After a brief dominion under the Visconti and Carraresi, in 1405 the city spontaneously accepted the rule of the Serenissima Republic. Venices dominion thus lasted about four hundred years, until the French invasion of 1797. With the Treaty of Campoformio (October 1797), Napoleon consigned Verona and much of its territory to Austria.

Under Austrian dominion, Verona became one of the strongholds of the Quadrilateral. Finally, Verona was united to the Reign of Italy in 1866 by popular vote.

Principal Monuments

The most important monuments of Verona can be found along five itineraries, which are flexible and conventional.

The monuments indicated in bold type are described in detail on the following pages; they concern the religious and civil architecture. Of course, to consent rapid and easy consultation of this guide, a drastic selection was made: in addition to those indicated, Verona also has many other religious (churches, oratories, convents) and civil monuments (the patrician and seigniory villas, for example).

Itinerary 1 the Historical Centre

The Duomo, in Romanesque style, was built in the XII century in the vicinity of the Adige River, in the area that the Romans had earmarked for the hot springs. Although it was remodelled in successive periods, it represents a monument that is rich in history and works of art.

The complex includes the churches of S. Elena and St. John at the Fountain, as well as the Square of the Bishopric. The seat of an important Capitulary Library is located in Duomo Square.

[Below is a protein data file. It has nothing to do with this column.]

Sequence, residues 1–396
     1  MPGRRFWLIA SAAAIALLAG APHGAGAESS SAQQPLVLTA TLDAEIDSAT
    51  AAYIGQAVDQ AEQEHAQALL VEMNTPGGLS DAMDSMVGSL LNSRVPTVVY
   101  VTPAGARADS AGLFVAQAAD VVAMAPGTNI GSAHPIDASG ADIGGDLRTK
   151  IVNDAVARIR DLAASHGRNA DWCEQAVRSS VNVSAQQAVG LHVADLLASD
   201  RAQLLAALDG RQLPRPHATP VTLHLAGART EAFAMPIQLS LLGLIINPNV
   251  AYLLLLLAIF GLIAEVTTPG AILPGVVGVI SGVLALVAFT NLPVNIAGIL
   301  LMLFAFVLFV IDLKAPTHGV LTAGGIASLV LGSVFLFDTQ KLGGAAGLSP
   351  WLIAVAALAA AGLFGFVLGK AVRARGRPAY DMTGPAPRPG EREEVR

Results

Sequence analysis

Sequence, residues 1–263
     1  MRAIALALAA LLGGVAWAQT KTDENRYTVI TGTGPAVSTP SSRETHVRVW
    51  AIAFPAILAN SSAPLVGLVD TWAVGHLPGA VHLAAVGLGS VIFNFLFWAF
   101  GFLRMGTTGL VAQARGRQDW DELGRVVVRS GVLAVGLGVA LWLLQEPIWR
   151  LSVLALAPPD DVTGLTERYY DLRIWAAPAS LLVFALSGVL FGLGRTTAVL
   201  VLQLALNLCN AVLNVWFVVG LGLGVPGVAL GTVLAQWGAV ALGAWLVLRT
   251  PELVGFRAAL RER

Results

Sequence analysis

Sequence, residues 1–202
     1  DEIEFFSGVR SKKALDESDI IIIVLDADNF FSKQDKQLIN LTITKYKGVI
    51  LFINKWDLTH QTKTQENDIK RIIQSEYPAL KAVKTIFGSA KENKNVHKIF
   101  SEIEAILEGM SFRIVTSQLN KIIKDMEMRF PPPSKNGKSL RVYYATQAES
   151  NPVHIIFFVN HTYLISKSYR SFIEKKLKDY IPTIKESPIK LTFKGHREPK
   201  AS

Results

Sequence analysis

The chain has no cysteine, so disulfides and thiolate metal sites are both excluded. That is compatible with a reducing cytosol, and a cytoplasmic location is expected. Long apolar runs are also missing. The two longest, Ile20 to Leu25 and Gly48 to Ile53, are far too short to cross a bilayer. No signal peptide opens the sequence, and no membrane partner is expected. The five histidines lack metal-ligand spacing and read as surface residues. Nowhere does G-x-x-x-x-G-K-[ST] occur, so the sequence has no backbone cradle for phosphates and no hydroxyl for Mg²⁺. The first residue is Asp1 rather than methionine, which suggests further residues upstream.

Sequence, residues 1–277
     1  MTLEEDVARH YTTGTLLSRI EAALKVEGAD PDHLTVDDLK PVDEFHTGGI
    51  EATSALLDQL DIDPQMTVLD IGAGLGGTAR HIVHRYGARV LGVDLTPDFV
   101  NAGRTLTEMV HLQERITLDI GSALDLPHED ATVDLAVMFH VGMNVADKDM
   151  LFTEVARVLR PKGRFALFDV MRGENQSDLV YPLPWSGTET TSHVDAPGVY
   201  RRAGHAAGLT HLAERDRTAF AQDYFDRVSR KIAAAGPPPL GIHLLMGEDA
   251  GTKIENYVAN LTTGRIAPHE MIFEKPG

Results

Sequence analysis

The church of St. Anastasia is located not far from the Duomo (XIII-XV century). It was built in the gothic style and is adorned with many works of art. Continuing along Corso St. Anastasia, you reach the lively Piazza delle Erbe (the vegetable market square), situated at the centre of the ancient Roman Court and dominated by the high Lamberti Tower. The square is surrounded by stupendous palaces built in various periods, some of which are adorned with frescoes that are still visible.

Adjacent to this is Piazza dei Signori (Lords’ Square), which bears important signs of the Scala Seigniory and the Venetian domination. At the centre of the square, the statue of Dante Alighieri recalls the divine poets long sojourn at the Court of Cangrande.

The ancient City Hall (also known as the Palazzo della Ragione), the Captains Palace, the stupendous Loggia del Consiglio, built in 1400 and the Palace of the Government. In the immediate vicinity there are the Romanesque church of St. Maria Antica, whose portal bears the tomb of Cangrande I della Scala, and the monumental complex of the Scala Arches, with the tombs of Mastino II and Cansignorio.